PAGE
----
Benford's G&S Lexicon Entries for The Grand Duke

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Act I

Muckled [the more I muckled]

Webster (306) tells us that muckle is a variation of mickle, one meaning of which is Scottish slang for “talking with a big mouth.” Another dictionary (108) defines mucklemouthed as “Having a large mouth.”

Fell [What folly fell]

Terrible.

Muff

A bungler. See also Utopia, Limited.

Candle snuff

“The charred or partly consumed portion of a candlewick” (250).

Gibbet [upon the Castle gibbet]

Pronunciation: JIB-ett

A frame for hanging criminals. It could be used either as a device for execution or for exhibiting those already dead. A good place to avoid in either event.

Duello

Italian for “duel.”

Parliamentary draftsman

A person who devises the wording for laws (142). See also Iolanthe.

Falchions

Pronunciation: FAWL-shuns

A falchion is a short broad, curved sword, somewhere between a saber and a scimitar in shape. More generally: any sword. The word is derived from the Latin word for “sickle” (250).

Exigence [When exigence of rhyme compels, Orthography forgoes her spells:]

Urgent need.

Orthography

The art of spelling. If you look carefully at the context again, you may smell a neat pun –– which I won’t spell out.

Spells

Enchantments.

Legal fiction

Something assumed under the law even though it is obviously untrue in any literal sense. See also The Gondoliers.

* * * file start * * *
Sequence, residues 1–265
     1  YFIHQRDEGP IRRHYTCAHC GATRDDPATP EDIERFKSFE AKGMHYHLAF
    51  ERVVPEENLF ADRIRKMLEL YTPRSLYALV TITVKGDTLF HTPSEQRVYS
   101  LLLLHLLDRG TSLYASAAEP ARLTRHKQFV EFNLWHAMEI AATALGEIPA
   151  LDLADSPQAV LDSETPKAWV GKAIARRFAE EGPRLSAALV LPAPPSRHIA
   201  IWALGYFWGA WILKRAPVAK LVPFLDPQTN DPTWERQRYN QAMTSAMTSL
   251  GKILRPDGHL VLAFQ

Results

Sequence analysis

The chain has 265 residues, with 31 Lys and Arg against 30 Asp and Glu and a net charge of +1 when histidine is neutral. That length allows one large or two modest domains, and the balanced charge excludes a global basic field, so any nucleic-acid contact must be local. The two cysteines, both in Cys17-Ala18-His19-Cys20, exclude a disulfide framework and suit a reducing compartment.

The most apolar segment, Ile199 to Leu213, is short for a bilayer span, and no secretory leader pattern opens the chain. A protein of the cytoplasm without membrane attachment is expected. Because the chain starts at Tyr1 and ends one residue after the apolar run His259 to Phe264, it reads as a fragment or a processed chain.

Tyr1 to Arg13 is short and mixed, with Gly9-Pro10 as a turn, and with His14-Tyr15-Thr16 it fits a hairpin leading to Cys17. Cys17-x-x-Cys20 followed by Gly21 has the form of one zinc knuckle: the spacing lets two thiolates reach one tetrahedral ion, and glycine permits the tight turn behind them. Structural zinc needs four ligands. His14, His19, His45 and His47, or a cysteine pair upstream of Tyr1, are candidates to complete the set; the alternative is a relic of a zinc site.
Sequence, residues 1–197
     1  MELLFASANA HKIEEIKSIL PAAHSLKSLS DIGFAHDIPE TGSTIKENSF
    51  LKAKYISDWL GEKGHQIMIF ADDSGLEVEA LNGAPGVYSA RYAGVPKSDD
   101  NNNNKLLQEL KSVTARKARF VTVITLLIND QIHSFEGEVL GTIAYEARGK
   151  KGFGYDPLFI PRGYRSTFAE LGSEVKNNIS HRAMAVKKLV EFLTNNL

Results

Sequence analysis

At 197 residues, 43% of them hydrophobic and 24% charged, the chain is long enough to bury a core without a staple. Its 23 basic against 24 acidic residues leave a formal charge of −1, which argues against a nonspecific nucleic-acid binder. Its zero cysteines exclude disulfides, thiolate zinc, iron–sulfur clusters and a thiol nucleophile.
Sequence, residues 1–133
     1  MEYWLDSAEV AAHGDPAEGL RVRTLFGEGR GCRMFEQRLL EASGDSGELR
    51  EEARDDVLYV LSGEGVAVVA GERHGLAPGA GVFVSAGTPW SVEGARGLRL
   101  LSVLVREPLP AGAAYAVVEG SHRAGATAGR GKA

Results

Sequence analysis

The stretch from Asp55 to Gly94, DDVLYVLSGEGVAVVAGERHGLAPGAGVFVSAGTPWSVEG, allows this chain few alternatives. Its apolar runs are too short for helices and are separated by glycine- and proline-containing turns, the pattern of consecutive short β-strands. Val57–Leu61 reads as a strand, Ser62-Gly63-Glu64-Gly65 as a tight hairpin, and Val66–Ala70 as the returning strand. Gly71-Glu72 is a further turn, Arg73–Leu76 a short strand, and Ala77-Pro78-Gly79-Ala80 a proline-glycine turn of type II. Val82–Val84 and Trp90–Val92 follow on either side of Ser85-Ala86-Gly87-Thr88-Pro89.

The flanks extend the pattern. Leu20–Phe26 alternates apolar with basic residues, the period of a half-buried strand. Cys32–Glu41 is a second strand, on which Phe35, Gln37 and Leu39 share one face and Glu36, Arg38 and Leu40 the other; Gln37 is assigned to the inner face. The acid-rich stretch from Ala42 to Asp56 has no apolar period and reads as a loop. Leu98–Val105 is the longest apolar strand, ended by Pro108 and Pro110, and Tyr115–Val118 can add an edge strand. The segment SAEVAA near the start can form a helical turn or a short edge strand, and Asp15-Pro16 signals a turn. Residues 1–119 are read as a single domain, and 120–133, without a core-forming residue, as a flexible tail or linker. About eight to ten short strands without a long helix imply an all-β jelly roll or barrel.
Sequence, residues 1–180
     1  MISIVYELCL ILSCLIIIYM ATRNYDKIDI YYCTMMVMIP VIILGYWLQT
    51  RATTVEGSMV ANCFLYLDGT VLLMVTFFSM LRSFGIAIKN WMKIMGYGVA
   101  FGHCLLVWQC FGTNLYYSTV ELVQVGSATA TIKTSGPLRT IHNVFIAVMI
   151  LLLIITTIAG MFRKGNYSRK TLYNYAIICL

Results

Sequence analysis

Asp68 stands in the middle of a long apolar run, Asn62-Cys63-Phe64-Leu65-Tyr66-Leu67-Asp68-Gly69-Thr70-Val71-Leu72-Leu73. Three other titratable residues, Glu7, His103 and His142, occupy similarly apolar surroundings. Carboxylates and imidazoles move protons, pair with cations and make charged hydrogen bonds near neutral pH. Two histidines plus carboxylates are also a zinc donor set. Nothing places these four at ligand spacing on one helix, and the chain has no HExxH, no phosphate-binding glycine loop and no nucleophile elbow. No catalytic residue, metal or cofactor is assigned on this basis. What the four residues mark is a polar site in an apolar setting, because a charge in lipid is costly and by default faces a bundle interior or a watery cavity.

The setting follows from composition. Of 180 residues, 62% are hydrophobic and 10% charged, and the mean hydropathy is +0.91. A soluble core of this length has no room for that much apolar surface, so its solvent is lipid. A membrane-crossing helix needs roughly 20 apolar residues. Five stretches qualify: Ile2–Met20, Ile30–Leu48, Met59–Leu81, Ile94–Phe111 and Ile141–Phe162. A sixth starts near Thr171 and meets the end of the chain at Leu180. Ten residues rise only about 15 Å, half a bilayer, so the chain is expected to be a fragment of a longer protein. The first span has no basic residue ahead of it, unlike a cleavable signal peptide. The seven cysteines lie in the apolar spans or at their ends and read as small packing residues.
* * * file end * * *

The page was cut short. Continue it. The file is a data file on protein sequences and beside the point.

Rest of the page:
Ipso facto [Dies, ipso facto, a social death]

Automatically. This is Latin for “by the act itself.”

Revising Barrister

“A barrister who was appointed to revise lists of voters in parliamentary elections. While this responsibility was vested, in 1896, in specially appointed barristers, it has since been transferred to other officials” (243).

Expunges

Removes.

King’s evidence [He is accepted as King’s evidence]

“British Law, evidence for the crown given by an accused person against his alleged accomplices” (250). In the United States it is called state’s evidence.

Miscreant

Vile and unprincipled scoundrel. The sort of blighter who would curse at his wife without first removing his hat.

Field of honour

The site where men may duel to defend their “honour.”

Mould [Each is laid in churchyard mould]

Soft, rich earth, gently mellowed by all those mouldering bodies.

Suppose [Who’d suppose the method old!]

In this context the expression means “Who would consider the old method?” That is one meaning of “suppose” (250).

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